I see a lot of questions posted on archery forums asking for tool and material recommendations.
Foremost in these questions is what kind of fletching tool to buy and use. The usual answer is a Bitzenberger. The Bitz is a great tool. It is made of metal and will last a very long time. The only problem is cost; this jig will run about $74.95. An extra clamp (to use a different wing feather) is $29.95. Some folks will be happy to pay this for a very good tool that is essentially the standard of the industry. Personally, I like getting a good value for the money I spend and the Bitzenburger is too costly for that (my opinion). I use Vador jigs for $27.99. The Vador is made of injection molded plastic and is fully adjustable for how the feather sits on the shaft.
Don't get me wrong, the Bitz is a great jig. But for the price of a Bitz clamp I can get a complete jig that will give me years of service (the first Vador I bought is now about 15 years old and still going strong) and will turn out an arrow that is indistinguishable from one fletched on a Bitzenburger.
After jigs folks ask about taper tools. The taper tool performs a very important task by cutting the ends of the wood arrow shaft to match the nock and the point so they fit well and have perfect alignment. You can get little plastic pencil sharpener-type tools that are only a few bucks and they work great for occasional use. For a handful more money there is the Tru-Taper tool made of machined aluminum. Some people like this tool but I have had a devil of a time getting good results out of it. Unhappily, many others have the same results as I. I currently use the Tru-Taper to cut excess finish off the nock taper before I glue on the nocks but I do not use it for actually cutting tapers. For about $130 I settled on a Woodchuck power taper tool. Check an archery supply catalog or website for a picture of the Woodchuck but it's electric powered, reliable, and tapers any kind of hardwood or softwood arrow shaft. An individual handy with tools can also make a guide for using an existing bench sander. If a bench sander is already at hand this is a great, relatively inexpensive, option.
I've used a lot of different woods for arrow shafts: Port Orford cedar, Sitka spruce, hickory, ramin, bamboo, poplar... they all work great so long as you choose the right material for the purpose.
Store bought fletching will usually be domestic turkey. Trueflight and Gateway are the two main suppliers of fletching. I use both depending upon the color or pattern I want to use. Gateway has a beautiful 'camo' pattern available but for a barred feather I like the Trueflight better. Both companies also have a great assortment of solid colors. Besides colors, the big difference between these two companies is the way they grind their bases. You’ll want to try each one to see what works best for you. I like both.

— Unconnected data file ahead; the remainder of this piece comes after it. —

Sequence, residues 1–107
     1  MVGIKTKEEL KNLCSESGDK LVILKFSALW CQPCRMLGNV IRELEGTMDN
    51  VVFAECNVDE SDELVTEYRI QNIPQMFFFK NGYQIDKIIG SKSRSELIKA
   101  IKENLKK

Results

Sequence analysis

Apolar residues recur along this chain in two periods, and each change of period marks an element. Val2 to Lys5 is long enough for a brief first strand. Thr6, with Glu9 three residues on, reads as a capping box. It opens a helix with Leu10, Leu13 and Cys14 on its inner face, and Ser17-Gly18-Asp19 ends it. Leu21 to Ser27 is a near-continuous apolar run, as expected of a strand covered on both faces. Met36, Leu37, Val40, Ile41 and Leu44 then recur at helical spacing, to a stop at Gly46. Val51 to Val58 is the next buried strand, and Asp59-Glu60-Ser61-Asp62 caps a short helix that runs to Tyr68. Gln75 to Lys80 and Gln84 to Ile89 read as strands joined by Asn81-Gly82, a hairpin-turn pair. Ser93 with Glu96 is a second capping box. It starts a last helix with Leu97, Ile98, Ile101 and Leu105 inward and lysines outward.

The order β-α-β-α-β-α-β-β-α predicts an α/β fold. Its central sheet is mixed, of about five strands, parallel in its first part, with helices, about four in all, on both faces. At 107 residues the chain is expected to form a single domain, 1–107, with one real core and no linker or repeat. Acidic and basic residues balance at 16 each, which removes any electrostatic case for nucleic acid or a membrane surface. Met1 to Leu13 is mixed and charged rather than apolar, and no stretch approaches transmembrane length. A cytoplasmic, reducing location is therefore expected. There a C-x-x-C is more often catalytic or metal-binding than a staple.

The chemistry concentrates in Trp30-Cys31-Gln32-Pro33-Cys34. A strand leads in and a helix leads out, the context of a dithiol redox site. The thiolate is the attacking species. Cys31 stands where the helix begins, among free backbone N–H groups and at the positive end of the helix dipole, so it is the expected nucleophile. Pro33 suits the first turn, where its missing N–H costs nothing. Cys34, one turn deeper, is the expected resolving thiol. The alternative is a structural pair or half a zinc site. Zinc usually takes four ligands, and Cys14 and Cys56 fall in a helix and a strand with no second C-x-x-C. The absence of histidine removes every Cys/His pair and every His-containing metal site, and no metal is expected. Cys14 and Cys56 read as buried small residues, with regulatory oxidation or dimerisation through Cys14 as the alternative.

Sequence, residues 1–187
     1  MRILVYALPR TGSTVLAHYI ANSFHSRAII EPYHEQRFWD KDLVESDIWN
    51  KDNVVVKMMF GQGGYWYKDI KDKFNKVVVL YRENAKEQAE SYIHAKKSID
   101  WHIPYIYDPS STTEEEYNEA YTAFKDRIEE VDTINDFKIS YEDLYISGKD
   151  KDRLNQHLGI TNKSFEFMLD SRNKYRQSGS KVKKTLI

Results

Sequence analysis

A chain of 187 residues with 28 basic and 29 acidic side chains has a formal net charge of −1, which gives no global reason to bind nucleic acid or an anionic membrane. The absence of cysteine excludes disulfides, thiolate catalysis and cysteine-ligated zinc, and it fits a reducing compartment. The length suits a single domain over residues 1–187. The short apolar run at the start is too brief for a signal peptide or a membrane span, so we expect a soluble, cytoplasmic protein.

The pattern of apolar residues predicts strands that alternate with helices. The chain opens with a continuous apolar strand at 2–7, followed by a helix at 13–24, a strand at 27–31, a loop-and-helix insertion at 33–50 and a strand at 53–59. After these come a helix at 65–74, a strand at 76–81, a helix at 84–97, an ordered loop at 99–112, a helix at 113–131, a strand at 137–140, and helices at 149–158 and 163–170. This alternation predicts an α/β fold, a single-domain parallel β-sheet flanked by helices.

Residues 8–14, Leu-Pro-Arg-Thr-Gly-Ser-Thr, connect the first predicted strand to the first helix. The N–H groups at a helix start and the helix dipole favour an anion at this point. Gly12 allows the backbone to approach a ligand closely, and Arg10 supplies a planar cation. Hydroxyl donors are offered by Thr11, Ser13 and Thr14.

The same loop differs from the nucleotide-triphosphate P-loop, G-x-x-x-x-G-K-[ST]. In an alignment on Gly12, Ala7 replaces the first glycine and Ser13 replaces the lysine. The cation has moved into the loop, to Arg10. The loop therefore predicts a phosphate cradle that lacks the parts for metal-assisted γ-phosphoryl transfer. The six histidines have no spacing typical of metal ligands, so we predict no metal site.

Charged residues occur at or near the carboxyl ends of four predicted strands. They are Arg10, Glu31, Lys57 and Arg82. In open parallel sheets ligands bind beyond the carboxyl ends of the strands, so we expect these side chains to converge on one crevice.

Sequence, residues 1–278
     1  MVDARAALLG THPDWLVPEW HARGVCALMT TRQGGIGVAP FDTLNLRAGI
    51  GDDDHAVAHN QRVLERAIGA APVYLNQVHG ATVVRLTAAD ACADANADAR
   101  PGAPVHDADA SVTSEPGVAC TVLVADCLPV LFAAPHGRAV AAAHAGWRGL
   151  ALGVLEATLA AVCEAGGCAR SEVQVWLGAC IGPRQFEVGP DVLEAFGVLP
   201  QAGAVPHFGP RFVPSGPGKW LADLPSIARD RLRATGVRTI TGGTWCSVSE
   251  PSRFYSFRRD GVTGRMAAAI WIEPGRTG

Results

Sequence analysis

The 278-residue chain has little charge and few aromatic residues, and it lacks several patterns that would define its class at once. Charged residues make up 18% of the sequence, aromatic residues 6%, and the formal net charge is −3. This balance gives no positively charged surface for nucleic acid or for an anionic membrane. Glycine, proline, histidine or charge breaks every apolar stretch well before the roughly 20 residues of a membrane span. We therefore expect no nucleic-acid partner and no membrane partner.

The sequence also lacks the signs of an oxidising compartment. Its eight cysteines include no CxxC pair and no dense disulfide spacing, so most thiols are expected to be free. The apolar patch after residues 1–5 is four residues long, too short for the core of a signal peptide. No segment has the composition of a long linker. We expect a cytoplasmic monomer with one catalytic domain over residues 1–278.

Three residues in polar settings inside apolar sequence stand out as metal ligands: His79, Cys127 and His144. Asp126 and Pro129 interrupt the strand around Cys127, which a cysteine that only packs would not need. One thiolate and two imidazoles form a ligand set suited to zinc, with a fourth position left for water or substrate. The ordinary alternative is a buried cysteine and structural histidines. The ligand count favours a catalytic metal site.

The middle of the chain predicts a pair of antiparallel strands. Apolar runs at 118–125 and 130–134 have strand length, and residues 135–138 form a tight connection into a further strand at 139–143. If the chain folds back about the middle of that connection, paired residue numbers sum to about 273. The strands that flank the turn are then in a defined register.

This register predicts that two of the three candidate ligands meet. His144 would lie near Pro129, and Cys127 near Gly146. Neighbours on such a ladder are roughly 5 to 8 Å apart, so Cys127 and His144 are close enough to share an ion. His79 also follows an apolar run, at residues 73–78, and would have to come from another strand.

There are some smaller feather suppliers out there so keep your eyes open on places like eBay for good deals. While feathers are available pre-cut to shape I prefer to get them full length and cut my own with feather choppers as it simplifies my feather inventory.
There are a lot of choices in arrow finish. Polyurethane, spar varnish, gasket lacquer, Bohning lacquer, Tru-Oil, tung oil, etc. Just about any clear finish meant to seal and protect wood will work well. I’ve chosen gasket lacquer for the arrows I make. It’s tough, gives an excellent finish that resists 3D target burn better than anything I’ve seen, and is easy to use. If you want to use something readily available in your area without having to order it, get some water-based polyurethane at your local paint or hardware store and have fun. Follow the directions for the finish you choose and you’ll have good results.
For staining arrow shafts I use water-based wood stains, oil-based wood stains, water-based aniline stains, leather dye, and Rit dye mixed with denatured alcohol. They all work great so it just depends upon the color I want to achieve. If I want an opaque cap dip I turn to water-base acrylic craft paint, the same stuff I use for cresting. It’s cheap, available in more colors than I’ll ever need to use, and easy to use.
I don’t really have any great arrow making secrets. It’s actually fairly easy to put together a nice set of arrows if one pays attention to details, big details as well as small details. Details add up to a fine looking arrow that goes where you want it to go, whether that’s at a gold target center at 90m or a California coastal pig at 14 yards.
If you have arrow making questions I’ll be happy to take a shot at them. I’ll be clear on what is my opinion as opposed to accepted fact and let you know if I don’t know the answer.